Age-related macular degeneration or AMD is a degenerative condition of the macula (the central retina). It is the most common cause of vision loss in the United States in those 50 or older, and its prevalence increases with age. AMD is caused by hardening of the arteries that nourish the retina. This deprives the sensitive retinal tissue of oxygen and nutrients that it needs to function and thrive. As a result, the central vision deteriorates.
Macular degeneration varies widely in severity. In the worst cases, it causes a complete loss of central vision, making reading or driving impossible. For others, it may only cause slight distortion. Fortunately, macular degeneration does not cause total blindness since it does not affect the peripheral vision.
AMD is classified as either wet (neovascular) or dry (non-neovascular).
About 10% of patients who suffer from macular degeneration have wet AMD. This type occurs when new vessels form to improve the blood supply to oxygen-deprived retinal tissue. However, the new vessels are very delicate and break easily, causing bleeding and damage to surrounding tissue. Patient with wet macular degeneration develop new blood vessels under the retina. This causes hemorrhage, swelling, and scar tissue but it can be treated with laser in some cases.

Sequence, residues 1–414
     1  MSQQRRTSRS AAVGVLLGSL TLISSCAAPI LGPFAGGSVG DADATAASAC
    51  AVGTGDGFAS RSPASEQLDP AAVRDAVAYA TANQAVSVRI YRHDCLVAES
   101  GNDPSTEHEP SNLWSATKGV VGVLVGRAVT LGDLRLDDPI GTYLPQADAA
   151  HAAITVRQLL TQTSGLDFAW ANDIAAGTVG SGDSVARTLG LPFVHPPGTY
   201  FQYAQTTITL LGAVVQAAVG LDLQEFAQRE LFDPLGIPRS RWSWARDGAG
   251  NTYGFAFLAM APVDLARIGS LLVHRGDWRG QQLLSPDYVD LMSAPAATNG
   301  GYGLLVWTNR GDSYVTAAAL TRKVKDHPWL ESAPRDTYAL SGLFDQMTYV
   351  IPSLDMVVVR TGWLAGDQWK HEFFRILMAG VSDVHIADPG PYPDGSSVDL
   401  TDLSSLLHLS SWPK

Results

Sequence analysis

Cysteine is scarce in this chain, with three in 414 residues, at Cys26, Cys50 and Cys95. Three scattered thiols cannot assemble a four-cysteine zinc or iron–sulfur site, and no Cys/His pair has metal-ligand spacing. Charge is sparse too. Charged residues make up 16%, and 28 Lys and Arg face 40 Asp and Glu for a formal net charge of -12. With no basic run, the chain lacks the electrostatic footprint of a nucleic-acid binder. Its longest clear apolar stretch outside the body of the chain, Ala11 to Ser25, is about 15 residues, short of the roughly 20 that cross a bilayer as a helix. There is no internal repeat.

Dry macular degeneration, although more common, typically results in a less severe, more gradual loss of vision.
The dry type is much more common and is characterized by drusen and loss of pigment in the retina. Drusen are small, yellowish deposits that form within the layers of the retina.
Eye physicians usually diagnose AMD. Vision testing, Amsler grid test, ophthalmoscopy, fundus photography, fluorescein angiography, indocyanine angiography and optical coherence tomography (OCT) are some common tests performed during a retinal exam.